Bob Carey, who ran the resettlement agency for nearly two years until January 2017, said the average time in custody for unaccompanied children “hovered around 33 days the entire time I was there.” Now it’s closer to 70 days, HHS says.
Trump administration officials show no signs of budging.
The AP asked the Office of Refugee Resettlement how the new policies square with its mission to place children as quickly as possible with relatives or other sponsors. The office did not respond directly, but in an emailed reply called the longer stays “a symptom of the larger problem, namely a broken immigration system that encourages them to make the hazardous journey.”
Previously, the resettlement office only collected fingerprints of prospective sponsors in very specific circumstances, Carey said — most often in the case of unrelated adults volunteering to sponsor children. He said a study he once commissioned found fingerprint checks to be more trouble than they were worth, as few applicants had a record of legal offenses. Those that turned up were nearly all traffic violations, he said. By contrast, none of the 2,100 staffers at a Texas tent city currently holding more than 2,300 teenage migrants have had to submit to the FBI’s rigorous fingerprint background checks, which detail any histories of child abuse or neglect, an HHS inspector general’s memo published Tuesday revealed.
In his September appearance before Congress, Albence of ICE justified the information-sharing on law enforcement grounds. The agency said just over 80 percent of would-be sponsors were in the country illegally.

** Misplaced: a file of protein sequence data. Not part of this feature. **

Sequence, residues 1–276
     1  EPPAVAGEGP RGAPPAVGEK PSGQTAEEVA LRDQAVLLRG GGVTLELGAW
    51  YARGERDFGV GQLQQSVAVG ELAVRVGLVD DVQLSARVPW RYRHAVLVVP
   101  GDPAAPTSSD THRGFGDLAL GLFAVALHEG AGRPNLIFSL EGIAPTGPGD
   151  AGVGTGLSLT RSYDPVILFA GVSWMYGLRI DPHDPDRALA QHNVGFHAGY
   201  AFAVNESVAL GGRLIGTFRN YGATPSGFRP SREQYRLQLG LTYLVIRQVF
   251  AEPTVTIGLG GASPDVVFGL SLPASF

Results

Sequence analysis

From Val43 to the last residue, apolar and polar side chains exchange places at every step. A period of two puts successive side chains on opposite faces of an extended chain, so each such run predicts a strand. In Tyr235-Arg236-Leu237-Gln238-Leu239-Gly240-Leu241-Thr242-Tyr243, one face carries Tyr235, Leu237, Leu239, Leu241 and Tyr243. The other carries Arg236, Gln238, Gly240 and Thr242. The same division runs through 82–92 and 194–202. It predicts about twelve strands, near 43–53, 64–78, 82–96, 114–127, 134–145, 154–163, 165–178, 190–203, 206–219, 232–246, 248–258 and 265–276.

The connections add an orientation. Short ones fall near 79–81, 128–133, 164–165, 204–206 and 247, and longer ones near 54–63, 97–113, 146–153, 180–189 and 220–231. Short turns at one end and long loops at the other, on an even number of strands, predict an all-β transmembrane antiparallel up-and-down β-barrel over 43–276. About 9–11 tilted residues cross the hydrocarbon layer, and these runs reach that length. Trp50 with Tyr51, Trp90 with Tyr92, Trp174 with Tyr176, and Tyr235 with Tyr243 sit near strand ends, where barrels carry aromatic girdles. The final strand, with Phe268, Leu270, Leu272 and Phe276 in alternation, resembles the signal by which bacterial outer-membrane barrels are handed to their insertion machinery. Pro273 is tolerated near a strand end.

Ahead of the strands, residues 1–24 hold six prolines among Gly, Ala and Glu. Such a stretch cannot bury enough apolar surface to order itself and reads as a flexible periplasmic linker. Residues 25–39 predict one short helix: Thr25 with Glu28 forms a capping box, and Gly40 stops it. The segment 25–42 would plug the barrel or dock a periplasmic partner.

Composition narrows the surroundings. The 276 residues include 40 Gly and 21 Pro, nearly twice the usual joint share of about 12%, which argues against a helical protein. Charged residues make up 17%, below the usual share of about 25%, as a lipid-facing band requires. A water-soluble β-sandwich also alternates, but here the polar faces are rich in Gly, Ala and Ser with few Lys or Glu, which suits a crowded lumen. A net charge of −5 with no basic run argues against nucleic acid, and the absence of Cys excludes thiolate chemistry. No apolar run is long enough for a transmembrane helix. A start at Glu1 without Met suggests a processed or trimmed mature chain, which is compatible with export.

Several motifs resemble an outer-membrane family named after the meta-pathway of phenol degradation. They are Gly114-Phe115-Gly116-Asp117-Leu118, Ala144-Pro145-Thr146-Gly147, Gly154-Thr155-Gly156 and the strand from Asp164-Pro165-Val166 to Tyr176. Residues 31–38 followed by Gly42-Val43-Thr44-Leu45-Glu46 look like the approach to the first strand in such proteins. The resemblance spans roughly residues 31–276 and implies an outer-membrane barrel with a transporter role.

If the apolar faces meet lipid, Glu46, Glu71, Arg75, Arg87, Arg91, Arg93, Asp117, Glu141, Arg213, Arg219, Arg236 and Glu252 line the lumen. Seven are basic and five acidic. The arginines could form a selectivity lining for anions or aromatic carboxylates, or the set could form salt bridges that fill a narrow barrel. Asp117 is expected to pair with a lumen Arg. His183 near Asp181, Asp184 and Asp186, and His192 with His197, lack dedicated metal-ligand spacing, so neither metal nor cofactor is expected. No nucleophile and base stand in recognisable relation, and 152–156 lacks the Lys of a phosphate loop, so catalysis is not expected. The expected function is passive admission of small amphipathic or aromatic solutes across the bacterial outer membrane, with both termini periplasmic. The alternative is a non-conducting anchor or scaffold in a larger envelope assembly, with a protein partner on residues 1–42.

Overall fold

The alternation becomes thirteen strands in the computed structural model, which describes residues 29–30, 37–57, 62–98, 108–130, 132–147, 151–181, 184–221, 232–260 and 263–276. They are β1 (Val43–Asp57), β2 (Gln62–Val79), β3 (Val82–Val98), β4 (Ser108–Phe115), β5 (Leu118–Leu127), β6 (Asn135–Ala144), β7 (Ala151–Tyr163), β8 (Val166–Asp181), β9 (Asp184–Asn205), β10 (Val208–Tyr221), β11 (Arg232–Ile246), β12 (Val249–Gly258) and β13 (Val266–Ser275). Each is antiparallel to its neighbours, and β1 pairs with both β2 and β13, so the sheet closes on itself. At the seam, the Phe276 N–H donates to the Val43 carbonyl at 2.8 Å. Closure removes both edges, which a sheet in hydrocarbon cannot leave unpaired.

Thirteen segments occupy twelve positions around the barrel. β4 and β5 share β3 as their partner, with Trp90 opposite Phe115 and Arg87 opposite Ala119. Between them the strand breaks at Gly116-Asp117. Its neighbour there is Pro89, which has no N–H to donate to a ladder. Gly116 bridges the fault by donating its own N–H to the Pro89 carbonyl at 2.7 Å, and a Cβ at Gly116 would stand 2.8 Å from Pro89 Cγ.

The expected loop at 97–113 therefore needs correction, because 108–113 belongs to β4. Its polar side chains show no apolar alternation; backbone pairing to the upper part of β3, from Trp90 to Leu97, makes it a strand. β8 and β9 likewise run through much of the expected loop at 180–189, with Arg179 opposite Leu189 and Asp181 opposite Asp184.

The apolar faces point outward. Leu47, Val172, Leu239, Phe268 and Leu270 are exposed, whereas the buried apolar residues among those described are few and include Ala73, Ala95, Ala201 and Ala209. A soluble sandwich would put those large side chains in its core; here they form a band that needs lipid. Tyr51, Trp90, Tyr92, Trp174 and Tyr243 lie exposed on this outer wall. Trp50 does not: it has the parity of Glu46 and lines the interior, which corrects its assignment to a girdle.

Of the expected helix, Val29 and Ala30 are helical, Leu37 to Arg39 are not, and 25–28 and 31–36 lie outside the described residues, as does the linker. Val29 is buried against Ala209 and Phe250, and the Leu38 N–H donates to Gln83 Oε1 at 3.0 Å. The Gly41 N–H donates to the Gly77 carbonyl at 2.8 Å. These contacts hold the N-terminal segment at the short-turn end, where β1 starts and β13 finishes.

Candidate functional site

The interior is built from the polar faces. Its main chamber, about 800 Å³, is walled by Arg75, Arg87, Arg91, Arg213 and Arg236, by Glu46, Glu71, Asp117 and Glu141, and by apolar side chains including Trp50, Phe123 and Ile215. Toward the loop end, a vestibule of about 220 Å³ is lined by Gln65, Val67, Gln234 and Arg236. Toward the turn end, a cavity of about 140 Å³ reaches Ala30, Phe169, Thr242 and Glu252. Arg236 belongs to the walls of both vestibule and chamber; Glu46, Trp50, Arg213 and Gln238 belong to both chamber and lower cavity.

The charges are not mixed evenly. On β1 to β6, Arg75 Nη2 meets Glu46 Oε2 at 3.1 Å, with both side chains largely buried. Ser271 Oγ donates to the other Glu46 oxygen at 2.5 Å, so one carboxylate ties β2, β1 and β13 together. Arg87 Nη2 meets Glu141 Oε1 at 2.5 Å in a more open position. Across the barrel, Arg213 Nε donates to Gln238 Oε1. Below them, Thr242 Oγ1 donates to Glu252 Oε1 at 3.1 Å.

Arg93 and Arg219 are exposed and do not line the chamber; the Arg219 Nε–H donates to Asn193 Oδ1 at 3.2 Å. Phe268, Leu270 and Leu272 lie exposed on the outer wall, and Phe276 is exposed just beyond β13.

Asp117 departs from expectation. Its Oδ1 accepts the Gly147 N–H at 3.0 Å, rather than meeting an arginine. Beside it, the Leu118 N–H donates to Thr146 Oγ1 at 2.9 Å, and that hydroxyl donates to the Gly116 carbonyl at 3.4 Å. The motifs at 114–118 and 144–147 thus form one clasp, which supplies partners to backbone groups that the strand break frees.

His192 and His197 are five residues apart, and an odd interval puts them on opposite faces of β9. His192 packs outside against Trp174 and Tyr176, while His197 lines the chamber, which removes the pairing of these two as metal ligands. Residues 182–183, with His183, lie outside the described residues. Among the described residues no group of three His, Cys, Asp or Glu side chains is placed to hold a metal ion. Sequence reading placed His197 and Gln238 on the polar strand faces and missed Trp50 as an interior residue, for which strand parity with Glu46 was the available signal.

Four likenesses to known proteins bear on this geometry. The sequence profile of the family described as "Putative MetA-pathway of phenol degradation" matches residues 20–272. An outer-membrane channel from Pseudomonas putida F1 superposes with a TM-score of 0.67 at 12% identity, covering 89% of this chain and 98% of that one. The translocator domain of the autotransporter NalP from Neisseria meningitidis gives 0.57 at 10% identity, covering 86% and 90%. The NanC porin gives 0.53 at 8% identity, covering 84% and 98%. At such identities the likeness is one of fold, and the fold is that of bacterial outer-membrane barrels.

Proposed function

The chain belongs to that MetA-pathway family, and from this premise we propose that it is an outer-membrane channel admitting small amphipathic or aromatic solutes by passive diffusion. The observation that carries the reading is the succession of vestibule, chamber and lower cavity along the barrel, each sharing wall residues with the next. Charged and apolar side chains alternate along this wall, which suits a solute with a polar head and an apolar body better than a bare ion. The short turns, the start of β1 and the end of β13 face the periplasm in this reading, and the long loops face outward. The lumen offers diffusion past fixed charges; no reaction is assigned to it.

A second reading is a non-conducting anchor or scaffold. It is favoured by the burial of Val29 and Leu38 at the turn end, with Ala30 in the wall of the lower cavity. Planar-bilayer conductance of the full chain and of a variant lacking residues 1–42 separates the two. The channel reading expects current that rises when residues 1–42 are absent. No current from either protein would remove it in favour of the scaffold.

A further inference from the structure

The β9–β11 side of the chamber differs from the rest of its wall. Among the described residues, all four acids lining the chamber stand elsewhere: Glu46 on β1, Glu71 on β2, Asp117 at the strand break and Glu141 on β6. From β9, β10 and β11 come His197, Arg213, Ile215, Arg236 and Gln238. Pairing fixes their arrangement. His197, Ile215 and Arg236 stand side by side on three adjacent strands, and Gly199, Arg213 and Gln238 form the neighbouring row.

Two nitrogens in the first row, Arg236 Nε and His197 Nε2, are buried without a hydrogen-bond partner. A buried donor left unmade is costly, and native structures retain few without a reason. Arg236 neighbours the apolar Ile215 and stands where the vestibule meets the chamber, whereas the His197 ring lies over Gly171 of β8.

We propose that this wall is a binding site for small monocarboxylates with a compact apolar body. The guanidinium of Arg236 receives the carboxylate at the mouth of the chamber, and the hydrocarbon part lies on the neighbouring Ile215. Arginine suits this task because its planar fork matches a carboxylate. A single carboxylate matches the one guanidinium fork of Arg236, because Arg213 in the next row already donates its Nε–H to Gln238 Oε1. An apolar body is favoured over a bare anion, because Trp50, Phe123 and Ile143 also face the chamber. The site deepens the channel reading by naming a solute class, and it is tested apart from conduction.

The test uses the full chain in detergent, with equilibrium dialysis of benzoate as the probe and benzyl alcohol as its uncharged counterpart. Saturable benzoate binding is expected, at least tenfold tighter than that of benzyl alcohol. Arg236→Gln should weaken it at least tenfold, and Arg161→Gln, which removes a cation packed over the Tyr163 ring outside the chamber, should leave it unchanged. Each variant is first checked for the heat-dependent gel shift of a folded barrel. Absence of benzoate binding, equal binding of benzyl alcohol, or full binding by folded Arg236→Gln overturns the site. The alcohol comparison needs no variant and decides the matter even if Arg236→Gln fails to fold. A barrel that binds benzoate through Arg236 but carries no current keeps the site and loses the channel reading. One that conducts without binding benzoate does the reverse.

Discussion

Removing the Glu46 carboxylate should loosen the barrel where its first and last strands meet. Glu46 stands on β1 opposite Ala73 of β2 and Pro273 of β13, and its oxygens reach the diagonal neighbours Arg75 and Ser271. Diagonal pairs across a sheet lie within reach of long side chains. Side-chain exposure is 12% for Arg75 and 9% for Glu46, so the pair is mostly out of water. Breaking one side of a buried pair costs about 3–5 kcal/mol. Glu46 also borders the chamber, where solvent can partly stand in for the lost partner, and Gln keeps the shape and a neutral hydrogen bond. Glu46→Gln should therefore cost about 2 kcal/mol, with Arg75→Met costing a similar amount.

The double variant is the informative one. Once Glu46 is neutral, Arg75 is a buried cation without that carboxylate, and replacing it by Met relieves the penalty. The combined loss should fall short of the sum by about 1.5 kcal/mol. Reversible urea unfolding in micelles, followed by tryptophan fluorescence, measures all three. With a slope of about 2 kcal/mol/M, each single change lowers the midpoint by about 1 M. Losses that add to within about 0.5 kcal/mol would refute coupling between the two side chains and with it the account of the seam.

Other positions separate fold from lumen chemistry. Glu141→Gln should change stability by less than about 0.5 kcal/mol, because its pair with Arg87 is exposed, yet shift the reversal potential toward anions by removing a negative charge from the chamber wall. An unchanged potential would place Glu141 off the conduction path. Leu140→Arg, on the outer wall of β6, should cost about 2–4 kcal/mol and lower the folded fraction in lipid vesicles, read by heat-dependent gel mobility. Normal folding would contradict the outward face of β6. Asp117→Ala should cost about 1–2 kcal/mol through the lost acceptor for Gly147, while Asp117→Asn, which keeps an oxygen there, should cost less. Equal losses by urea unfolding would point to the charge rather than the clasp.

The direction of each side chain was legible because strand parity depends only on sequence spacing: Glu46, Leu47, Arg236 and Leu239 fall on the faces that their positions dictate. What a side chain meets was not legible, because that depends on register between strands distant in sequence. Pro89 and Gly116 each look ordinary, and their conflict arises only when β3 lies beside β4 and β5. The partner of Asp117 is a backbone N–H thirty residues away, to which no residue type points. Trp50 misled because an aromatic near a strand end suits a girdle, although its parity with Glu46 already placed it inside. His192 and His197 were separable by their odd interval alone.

Albence was not asked about the revamped database and its expanded use for tracking U.S. residents suspected of being in the country illegally.
That system now includes among its records the fingerprints and personal data of prospective sponsors. The ICE tool lets law enforcement agencies ask about the immigration status of individuals arrested, subject to background checks or “otherwise encountered.”
Harrison Rudolph of the Center on Privacy and Technology at Georgetown Law School says it effectively puts prospective sponsors in an “active queue” for deportation because their case files appear prominently when ICE enforcement agents open the database.
One database entry belongs to Rosa Caceres, a 45-year-old Honduran whose 12-year-old grandson was separated from his father in May when the two crossed the border at San Ysidro, California, and applied for asylum.
The father was immediately deported. The grandson, who had identified his mother’s body (his parents were separated) after criminals killed her in Honduras in September 2016, was held at a group home in Baltimore for three months before moving in with his grandmother.
“He couldn’t sleep at night, thinking ‘My God, what’s going to become of me?'” said Caceres, a construction worker. “The feelings of desperation, he said, made him feel asphyxiated.”
Caceres says she’s been in the U.S. for 16 years and hopes to obtain legal residency. As a Honduran, she has an official temporary immigration status that she’s seeking to make permanent. The grandson is now a 6th grader happy with school and running track, she said.
Caceres is aware that the data she provided to take in her grandson could one day be used to deport her.
“It’s frightening, but in the end, when it’s family you overcome the fear,” she said. “There was nothing I could do but confront the reality, come what may.”